Kara’s mouth hung open as she watched the woman walk away. “What was that about?” she scoffed aloud.
“Maybe your cabana boy-toy?” offered Alison, strolling up as she toweled off her hair.
“My what?”
“That wake-up call guy.”
“Why would anyone think he had done anything inappropriate? You guys were the ones who sent him up!”
“Yeah, but hadn’t he, y’know, already woken you up that day?” she asked with a grin. Kara glared daggers at Melody’s cousin and the girl took a step back. “What? You were the one who said it.”
“I didn’t mean it like that!” Kara insisted, and spilled her drink as she stormed back inside the hotel. She had to find Joaquim and apologize for maybe almost getting him fired without even meaning to. Unless he’d already been fired! Kara tore around the lobby, ducking her head into the exercise room and the indoor pool, hoping to catch a glimpse of him.
Unfortunately, she didn’t. Where could he be? Well… maybe it was his day off? Did he even have a day off? Maybe she could ask someone who worked at the hotel.
On second thought, that’s probably a bad idea.
Maybe… she could just go to his house, and ask there. But she didn’t know how to get around the fence at the back of the hotel, much less over the barbed wire that ran along the top of it. Although even if she could get there, would she know which house was his? If she stopped to ask for directions, would the person she asked know who he was? Or would they even speak English?
Kara was distressed. And there was really only one thing that calmed her down when she got like this.
She walked out the front door of the hotel and had a doorman hail a cab to take her to the shopping district.

Having been encouraged by Stacey and Melody and a brand new pair of shoes, Kara stepped into the dining room that evening determined to see Joaquim or, at the very least, to ask about him. Thankfully, he was there, bussing tables, and when he walked past theirs, she stopped him to ask if he could bring them some water refills.
When he did, she tried to pour out a rushed apology, but he shook his head and said, “Later. Is there anything else I can get for you ladies?”
Kara loitered outside the dining room after everyone had gone off to get ready to go dancing, then stayed at the hotel when they left, choosing to loiter on the terrace instead. She knew what “later” meant, but not when it would finally come. She wished Joaquim had been more specific. She watched the sun set over his neighborhood, and stood up to go back to her room; her new shoes were killing her feet.
“Can I get you anything else, Miss? Another drink?”
She turned and found him standing in the doorway.
“I’m so sorry,” she breathed, “did you get in trouble with the manager? Some of the other girls started a rumor about us when they didn’t have all the facts. It’s sort of a hobby for sorority girls.”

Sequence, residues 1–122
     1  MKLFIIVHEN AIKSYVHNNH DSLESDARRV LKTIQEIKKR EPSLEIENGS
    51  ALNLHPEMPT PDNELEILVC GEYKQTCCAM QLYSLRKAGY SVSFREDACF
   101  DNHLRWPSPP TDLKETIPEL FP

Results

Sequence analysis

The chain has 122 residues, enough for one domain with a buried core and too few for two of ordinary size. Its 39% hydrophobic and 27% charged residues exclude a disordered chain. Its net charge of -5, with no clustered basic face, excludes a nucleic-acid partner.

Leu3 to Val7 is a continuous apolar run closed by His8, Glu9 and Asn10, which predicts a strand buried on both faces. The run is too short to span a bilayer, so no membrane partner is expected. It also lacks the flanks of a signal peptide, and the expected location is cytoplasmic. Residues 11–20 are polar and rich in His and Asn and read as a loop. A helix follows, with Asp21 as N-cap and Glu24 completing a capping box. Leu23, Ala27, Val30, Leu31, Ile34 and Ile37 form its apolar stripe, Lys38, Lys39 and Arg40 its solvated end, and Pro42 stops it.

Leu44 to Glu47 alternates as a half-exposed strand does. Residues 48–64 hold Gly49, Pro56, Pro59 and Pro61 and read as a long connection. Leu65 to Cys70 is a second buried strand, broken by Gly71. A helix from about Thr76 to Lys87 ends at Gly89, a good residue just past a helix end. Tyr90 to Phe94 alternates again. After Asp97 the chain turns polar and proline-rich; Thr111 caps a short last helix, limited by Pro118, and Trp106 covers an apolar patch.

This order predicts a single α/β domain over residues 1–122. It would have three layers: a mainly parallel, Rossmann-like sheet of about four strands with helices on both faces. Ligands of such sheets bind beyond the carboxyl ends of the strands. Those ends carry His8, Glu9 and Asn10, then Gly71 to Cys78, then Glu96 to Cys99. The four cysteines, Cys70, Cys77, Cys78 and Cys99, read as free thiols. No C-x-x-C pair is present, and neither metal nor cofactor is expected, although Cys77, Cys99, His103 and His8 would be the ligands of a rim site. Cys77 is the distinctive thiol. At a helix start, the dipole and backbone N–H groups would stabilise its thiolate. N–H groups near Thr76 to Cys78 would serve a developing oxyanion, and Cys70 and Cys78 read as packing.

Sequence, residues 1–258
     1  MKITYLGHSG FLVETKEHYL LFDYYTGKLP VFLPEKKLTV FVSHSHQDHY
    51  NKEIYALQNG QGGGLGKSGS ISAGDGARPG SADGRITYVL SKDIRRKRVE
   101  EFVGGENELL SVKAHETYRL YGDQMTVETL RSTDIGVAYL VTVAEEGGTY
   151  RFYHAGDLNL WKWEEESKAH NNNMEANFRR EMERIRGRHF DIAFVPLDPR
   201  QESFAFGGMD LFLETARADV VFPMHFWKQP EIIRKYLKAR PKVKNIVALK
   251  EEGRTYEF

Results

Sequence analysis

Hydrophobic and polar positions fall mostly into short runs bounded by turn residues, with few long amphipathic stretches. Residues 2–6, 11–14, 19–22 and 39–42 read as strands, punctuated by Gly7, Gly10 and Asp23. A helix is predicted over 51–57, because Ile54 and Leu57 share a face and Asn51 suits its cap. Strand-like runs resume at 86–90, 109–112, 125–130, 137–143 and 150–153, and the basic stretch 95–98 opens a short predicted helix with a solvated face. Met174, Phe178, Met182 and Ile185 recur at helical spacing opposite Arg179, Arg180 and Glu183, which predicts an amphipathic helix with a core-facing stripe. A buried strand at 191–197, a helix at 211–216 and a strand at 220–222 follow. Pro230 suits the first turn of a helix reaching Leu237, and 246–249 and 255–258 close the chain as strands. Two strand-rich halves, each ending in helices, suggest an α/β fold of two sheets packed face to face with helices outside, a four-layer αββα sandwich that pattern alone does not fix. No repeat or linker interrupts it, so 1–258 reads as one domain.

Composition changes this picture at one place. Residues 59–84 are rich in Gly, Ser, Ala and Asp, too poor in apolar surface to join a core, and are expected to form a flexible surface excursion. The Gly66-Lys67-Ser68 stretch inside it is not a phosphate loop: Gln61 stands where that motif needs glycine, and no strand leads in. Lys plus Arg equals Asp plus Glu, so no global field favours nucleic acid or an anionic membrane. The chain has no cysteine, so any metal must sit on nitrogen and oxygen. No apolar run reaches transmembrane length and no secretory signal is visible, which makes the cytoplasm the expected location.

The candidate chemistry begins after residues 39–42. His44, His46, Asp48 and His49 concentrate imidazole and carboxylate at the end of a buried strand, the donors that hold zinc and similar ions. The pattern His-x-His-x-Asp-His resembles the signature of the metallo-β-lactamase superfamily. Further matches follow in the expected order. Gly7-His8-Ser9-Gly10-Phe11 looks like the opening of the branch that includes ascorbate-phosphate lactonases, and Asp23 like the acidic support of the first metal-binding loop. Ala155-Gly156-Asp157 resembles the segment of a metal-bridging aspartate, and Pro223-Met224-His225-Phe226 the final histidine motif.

He smiled. “I did get called into her office, but I told her that I hadn’t done anything that wasn’t in my job description. She believed me.”
“Good,” Kara said, breathing a sigh of relief.
“I thought so too,” he replied. “I would not like to lose this job; it’s kind of important to continue feeding my family.”
“Your family? Are you… are you married, then?”
Joaquim held up his left hand, which was unadorned with any jewelry, wedding band or otherwise.
“Right. You may have noticed that I’m blind to things that are in plain sight.”
He smiled. “I was engaged once,” he said, moving forward to clear her empty glass and cocktail napkins off the table. “But she ran away with someone else. A guest who was staying at this hotel, actually.”
“Wow, that… sucks…” Kara mumbled, not knowing what else to say.
He assented with a nod.
“I guess it also kind of explains the no-fraternizing policy around here, too, huh?” After a moment of what Kara felt was extremely uncomfortable silence, she tried again. “But I’m glad you didn’t get in trouble. I was afraid you had, since I didn’t I see you around this afternoon.”
“I was doing some extra work for the janitorial staff,” Joaquim said. “Replacing light bulbs, that kind of thing. My sister has an interview here soon and I wanted to earn a little extra to buy her something new to wear so that she will make a good impression.”
“Oh, that’s good.” Silence threatened to stretch between them once more, but Kara was determined to hold it back. “Is there anything I can do?” she asked. “You know, to, uh, make up for the whole rumor-that-almost-got-you-fired thing?”
Joaquim smiled. “Thank you, but I don’t think so. Unless you can guarantee that my sister gets the job.” He looked down at his hands. “I should get this back to the bar. Thank you for what you’ve done for me so far, Miss Kara.”
“You don’t have to call me ‘Miss!’” she called after him.
He stopped to smile back at her. “I think that might be what the housekeeping manager would call ‘inappropriate behavior,’ don’t you?”
She wrinkled her nose. “You might have a point there. Well, do you want me to yell at you for bringing me the wrong drink or something? That’s not fraternize-y.”
“Maybe later,” he called back, flashing her a grin.
At that, Kara’s heart went thump. She was starting to think that if it weren’t for the risk to his job, she wouldn’t mind knowing him a little better.